|This chap goes through all the issues relating to various windows (XP not the least) in terms of changing components various - the motherboard especially. This particular area/link deals with your situation perfectly…|
If you have an OEM installation originally - it came with recovery disks and/or partition… likely you will not be able use that approach - see above link for more on this.
If you had an non branded OEM disk (i.e. you built the system yourself and purchased an OEM XP disk not tied to a given manufacturer - Dell, HP etc. - to do it…) then "possibly/possibly" you can use that to run a repair installation. But again I defer to the info. in the link above…
The principal difference. between full retail and a non-branded/badged OEM disk is that M$ would provide some support to users of the retail; OEM vendor had to supply support to the end user. Also the OEM is tied to actual motherboard, and less rigidly so to the HD… once you have activated the XP installation. Which having said… I have changed a drive or two in the past and had no problems getting the rebuilt XP re-activated - on-line and/or over the phone.
Michael Stevens "how to things various" are very detailed and specific… I find them a very useful resource.
These two links discuss it more from an "I'm in trouble and general chat approach" on - one here in days gone by and the other from another forum: but worth to read nonetheless?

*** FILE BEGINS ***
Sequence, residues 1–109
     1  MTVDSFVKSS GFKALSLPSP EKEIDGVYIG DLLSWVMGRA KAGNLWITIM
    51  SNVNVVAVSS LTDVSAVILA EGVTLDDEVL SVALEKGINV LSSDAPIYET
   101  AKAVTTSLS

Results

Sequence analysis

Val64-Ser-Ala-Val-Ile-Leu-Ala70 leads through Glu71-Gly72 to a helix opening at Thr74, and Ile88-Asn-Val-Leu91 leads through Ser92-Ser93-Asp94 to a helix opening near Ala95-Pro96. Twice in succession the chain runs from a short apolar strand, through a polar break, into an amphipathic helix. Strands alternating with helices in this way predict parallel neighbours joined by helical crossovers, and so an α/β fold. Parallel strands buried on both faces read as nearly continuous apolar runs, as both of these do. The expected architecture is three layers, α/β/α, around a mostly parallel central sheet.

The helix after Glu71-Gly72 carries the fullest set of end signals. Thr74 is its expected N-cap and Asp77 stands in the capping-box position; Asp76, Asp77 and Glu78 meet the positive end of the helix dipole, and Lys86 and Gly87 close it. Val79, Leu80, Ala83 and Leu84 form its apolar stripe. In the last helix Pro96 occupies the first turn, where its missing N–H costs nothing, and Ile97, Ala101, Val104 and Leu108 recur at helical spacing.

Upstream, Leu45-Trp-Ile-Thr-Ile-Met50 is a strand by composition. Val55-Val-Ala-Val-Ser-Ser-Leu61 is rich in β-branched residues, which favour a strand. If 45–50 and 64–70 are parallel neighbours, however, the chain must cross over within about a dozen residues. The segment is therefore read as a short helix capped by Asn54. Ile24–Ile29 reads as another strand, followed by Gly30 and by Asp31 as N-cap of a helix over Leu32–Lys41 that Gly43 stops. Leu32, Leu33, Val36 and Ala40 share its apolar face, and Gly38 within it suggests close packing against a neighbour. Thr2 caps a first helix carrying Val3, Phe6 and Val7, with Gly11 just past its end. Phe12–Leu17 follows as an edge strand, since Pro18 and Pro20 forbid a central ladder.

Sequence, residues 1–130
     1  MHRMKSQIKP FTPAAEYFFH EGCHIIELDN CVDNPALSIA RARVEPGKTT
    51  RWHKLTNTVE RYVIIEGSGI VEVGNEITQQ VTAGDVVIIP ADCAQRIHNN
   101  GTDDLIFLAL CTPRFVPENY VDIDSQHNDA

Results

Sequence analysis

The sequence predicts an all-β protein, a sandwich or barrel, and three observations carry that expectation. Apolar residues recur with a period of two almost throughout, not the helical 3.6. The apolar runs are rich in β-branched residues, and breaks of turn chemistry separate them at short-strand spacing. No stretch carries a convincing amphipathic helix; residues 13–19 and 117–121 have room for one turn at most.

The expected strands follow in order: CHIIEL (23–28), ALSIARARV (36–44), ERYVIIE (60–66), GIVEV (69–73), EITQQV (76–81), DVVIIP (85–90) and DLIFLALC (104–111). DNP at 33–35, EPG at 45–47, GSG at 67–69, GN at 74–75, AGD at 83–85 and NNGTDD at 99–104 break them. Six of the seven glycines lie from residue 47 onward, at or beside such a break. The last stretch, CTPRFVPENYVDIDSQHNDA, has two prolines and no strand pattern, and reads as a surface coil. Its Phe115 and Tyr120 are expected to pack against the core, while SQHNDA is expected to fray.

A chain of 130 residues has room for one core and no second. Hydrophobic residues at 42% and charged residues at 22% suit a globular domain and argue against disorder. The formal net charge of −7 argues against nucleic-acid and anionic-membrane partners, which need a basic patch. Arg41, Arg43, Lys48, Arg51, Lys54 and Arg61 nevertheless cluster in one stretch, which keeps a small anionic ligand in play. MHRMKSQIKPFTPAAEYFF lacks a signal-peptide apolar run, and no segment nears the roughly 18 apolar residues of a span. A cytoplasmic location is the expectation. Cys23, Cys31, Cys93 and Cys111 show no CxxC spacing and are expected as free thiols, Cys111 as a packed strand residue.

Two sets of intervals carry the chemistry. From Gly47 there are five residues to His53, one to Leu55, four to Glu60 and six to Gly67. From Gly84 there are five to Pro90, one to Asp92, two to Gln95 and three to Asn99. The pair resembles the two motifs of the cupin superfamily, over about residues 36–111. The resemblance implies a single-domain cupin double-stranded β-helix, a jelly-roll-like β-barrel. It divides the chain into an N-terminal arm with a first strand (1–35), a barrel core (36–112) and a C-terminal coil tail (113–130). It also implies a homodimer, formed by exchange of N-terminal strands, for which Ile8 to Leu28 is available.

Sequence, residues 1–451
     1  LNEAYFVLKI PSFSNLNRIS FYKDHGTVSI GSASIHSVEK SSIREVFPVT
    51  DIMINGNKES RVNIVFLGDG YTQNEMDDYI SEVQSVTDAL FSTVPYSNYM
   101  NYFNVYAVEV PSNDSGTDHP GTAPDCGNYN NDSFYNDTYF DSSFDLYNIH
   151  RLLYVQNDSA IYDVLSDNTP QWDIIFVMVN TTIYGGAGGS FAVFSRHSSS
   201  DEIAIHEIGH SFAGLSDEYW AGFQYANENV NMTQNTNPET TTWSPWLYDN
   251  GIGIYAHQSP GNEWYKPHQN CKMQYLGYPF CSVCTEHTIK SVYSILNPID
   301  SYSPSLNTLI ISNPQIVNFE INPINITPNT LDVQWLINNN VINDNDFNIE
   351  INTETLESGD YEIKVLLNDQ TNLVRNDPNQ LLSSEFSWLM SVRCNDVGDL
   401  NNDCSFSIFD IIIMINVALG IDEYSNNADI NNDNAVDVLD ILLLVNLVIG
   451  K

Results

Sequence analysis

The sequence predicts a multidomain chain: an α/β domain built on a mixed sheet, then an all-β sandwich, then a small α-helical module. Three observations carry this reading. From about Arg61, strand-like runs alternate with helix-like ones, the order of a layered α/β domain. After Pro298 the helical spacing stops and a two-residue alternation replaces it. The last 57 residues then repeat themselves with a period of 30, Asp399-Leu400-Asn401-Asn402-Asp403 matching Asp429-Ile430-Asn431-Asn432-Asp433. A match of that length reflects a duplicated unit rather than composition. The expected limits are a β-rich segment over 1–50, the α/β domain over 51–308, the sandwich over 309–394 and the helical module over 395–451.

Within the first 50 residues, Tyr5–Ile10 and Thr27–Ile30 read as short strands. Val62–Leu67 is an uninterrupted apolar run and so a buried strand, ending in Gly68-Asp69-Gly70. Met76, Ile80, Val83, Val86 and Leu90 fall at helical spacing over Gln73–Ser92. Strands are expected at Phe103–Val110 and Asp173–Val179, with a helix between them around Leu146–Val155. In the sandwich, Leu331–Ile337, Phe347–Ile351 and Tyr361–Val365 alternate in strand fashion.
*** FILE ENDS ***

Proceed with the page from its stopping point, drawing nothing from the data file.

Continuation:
Retail and OEM full installation disks are around for very few £££/$$$ on line (eBay/Amazon etc.) and many computer fairs and clearance houses.
But again have a read of the Michael Stevens info as he is much more knowledgeable about it all than am I!
Also - to repeat.. safeguard your personal "stuff" on the HD as is; via another working system (obviously) - as advised n my earlier post here.
I would also encourage making an image of your HD as is - as MS suggests too; and keep it safe… Ensure it is a "true image" that includes any and all "hidden" partitions as well (those hidden partitions are usually used as part of a built-in recovery process - with or without additional recovery CD use).
I have Acronis; many like EaseUS products; and there are others too.